Despite significant overall coverage gains following the Affordable Care Act, Latinos and low-income adults make up a large proportion of the remaining 24 million uninsured individuals, according to a report from The Commonwealth Fund.
Survey data collected between February and April of this year found that Latinos make up 40 percent of the uninsured, up from 29 percent in 2013, before the law went into effect. Conversely, the market share for whites and blacks decreased over that same time period.
In a brief, researchers note that the driving force behind those statistics is that Latinos make up the largest share of unauthorized immigrants who are not eligible for both Medicaid and ACA marketplace plans.
Although it’s unclear what percentage of uninsured Latinos are undocumented, the survey shows 78 percent of uninsured Latinos are foreign-born. Furthermore, uninsured Latinos are disproportionately unaware of ACA exchanges compared to their white and black counterparts, highlighting the need for more effective outreach within the community.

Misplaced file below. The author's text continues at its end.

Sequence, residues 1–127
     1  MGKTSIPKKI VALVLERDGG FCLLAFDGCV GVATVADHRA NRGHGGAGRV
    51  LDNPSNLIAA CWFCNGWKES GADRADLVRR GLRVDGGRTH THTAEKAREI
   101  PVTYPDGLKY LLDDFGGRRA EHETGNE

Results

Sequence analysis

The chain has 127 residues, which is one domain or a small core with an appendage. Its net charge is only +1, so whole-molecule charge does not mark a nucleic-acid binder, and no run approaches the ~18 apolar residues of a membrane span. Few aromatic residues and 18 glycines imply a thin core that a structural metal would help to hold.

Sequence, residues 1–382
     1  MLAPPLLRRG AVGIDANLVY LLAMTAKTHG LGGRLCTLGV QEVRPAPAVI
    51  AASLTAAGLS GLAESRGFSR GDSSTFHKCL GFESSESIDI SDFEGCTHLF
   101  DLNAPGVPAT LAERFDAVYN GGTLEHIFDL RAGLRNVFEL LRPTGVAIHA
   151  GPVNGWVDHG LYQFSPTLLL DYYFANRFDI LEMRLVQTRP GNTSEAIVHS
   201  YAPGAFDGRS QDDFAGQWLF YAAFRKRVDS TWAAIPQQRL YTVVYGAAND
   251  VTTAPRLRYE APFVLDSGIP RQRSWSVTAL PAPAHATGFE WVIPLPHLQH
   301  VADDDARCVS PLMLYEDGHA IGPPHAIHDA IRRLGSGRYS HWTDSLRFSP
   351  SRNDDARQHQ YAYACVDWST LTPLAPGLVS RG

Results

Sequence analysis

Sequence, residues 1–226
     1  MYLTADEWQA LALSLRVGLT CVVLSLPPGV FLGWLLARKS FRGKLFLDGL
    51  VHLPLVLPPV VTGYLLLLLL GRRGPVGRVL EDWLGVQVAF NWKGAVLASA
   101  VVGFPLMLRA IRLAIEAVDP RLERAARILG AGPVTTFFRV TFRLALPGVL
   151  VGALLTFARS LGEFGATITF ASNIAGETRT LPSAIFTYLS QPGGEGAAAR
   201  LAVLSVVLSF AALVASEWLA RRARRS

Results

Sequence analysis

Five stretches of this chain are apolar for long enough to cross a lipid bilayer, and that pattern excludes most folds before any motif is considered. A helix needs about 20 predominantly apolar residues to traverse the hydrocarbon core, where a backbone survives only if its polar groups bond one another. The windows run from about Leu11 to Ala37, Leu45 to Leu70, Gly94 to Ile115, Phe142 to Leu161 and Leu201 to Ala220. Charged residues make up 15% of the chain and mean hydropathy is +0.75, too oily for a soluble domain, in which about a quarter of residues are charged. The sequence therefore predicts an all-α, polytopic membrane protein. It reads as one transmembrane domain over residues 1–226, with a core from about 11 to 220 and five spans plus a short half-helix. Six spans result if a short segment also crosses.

During the last open enrollment period, federal authorities have steered more education and outreach efforts toward the Latino population.
Individuals in the so-called “coverage gap”--those that don’t qualify for Medicaid or ACA subsidies--make up another large portion of the uninsured. Low-income adults in the 20 states that have not expanded Medicaid represent 51 percent of the remaining 24 million uninsured.
Expanding Medicaid in southern states, where a large portion of uninsured live, would ease disparities in that region. Previous studies show that nearly 50 percent of non-elderly uninsured Americans are eligible for Medicaid or subsidized health plans through the ACA.